strategy resources

“Why are we having this meeting?”

We’ve all faced the recent debate about working remotely or working from the office. But there is a question I haven’t seen many people ask: “Why are we having this meeting?”

Everyone talks about the “problems”:

“I want to be able to choose when I come into the office.”

“We need people back in the office to maintain company culture.”

“Most of us aren’t engaged in Zoom meetings.”

“Let’s keep cameras off to reduce Zoom fatigue.”

“I’m tired of being online and available all the time.”

“We can allow you to work from home for 2 days per week. But you need to be ready to come in or be online when needed.”

But nobody seems to have a solution because everything we’ve come up with feels like a Lose-Lose. Employees don’t have the autonomy and flexibility they want. Companies don’t have enough employees in the office to use the facilities and “maintain culture”.

I think it’s because we’ve missed the point.

The problem is not about productivity and work getting done. The problem is trying to get people to WANT to be together in person and at the office, whether that’s in a structured meeting or a casual informal chat.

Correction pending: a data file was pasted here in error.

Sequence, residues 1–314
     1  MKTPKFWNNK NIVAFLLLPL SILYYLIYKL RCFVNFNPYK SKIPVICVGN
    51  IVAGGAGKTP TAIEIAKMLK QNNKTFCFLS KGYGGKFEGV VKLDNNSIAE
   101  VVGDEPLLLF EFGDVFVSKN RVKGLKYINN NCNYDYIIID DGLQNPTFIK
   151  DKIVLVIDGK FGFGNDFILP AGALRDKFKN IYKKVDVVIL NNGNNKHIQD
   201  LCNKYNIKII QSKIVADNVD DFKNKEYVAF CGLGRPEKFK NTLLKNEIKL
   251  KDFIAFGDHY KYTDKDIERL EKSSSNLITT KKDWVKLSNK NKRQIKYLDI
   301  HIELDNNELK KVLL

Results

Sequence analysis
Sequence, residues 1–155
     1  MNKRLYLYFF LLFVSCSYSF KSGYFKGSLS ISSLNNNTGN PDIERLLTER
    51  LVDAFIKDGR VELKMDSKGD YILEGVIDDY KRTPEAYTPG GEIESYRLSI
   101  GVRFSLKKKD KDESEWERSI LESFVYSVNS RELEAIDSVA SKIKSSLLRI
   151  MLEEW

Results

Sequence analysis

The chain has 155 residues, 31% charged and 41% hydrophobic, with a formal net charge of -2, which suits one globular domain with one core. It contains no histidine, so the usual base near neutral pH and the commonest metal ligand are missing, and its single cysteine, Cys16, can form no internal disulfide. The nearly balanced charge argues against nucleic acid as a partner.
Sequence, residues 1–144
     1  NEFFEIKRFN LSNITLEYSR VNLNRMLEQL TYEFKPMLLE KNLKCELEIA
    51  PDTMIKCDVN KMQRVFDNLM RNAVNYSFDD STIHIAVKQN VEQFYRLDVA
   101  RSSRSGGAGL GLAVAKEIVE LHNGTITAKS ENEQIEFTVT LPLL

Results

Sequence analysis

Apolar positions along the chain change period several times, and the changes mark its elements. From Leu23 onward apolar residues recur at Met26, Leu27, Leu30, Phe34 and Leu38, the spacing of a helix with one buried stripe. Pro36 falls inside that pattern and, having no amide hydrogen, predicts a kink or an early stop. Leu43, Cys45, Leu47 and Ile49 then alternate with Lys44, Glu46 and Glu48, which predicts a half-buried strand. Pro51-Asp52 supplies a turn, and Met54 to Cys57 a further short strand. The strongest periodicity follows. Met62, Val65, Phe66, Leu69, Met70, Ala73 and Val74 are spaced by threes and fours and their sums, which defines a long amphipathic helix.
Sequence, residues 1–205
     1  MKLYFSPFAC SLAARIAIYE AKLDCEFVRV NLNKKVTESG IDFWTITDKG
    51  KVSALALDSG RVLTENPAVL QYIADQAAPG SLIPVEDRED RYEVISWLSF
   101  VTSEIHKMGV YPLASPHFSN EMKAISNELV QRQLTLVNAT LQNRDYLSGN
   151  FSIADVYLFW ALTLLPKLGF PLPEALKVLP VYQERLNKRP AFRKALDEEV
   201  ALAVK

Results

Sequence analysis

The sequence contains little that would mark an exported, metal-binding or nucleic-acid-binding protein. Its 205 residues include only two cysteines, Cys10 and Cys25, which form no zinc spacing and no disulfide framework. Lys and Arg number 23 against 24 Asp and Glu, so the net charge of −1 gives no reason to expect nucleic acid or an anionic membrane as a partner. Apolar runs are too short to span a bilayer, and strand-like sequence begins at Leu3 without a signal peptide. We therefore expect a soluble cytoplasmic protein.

The main point of consideration now becomes about collaboration and/or cooperation. If you need people to solve problems, debate and discuss issues or contribute their ideas or experience, then collaboration is certainly necessary. It then makes sense to want to have the meeting in person where you can engage in deep collaborative conversations.

On the other hand, if you need to deliver a message to your team, delegate tasks or just have a check-in. Then you won’t have to require collaboration and being in person becomes a nice-to-have rather than a beneficial part of the meeting. When the point now is just about cooperation (which can still be enjoyable), then there isn’t a need to have the meeting at the office.

Finally, if the meeting isn’t about collaboration or cooperation, then why is it a meeting in the first place?

You see, the problem isn’t about where we work from. It’s more about how we use our time and why we have meetings. Be more intentional about your meetings and you’ll find that working remotely vs. working from the office becomes less about competing interests and more about the effective use of what really matters from and for your people –

Their time and attention.